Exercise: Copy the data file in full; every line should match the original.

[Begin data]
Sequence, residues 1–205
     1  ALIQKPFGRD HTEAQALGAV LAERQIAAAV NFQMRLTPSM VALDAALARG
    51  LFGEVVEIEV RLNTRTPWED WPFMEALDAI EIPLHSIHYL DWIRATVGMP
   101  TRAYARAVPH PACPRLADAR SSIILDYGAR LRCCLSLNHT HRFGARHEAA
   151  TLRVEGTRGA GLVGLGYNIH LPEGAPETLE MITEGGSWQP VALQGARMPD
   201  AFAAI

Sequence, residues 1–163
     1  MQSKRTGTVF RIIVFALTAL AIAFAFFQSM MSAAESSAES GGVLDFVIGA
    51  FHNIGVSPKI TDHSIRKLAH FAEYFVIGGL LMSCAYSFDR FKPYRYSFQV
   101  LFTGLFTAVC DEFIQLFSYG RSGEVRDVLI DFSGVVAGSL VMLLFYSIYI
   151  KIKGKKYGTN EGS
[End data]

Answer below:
Sequence, residues 1–205
     1  ALIQKPFGRD HTEAQALGAV LAERQIAAAV NFQMRLTPSM VALDAALARG
    51  LFGEVVEIEV RLNTRTPWED WPFMEALDAI EIPLHSIHYL DWIRATVGMP
   101  TRAYARAVPH PACPRLADAR SSIILDYGAR LRCCLSLNHT HRFGARHEAA
   151  TLRVEGTRGA GLVGLGYNIH LPEGAPETLE MITEGGSWQP VALQGARMPD
   201  AFAAI

Sequence, residues 1–163
     1  MQSKRTGTVF RIIVFALTAL AIAFAFFQSM MSAAESSAES GGVLDFVIGA
    51  FHNIGVSPKI TDHSIRKLAH FAEYFVIGGL LMSCAYSFDR FKPYRYSFQV
   101  LFTGLFTAVC DEFIQLFSYG RSGEVRDVLI DFSGVVAGSL VMLLFYSIYI
   151  KIKGKKYGTN EGS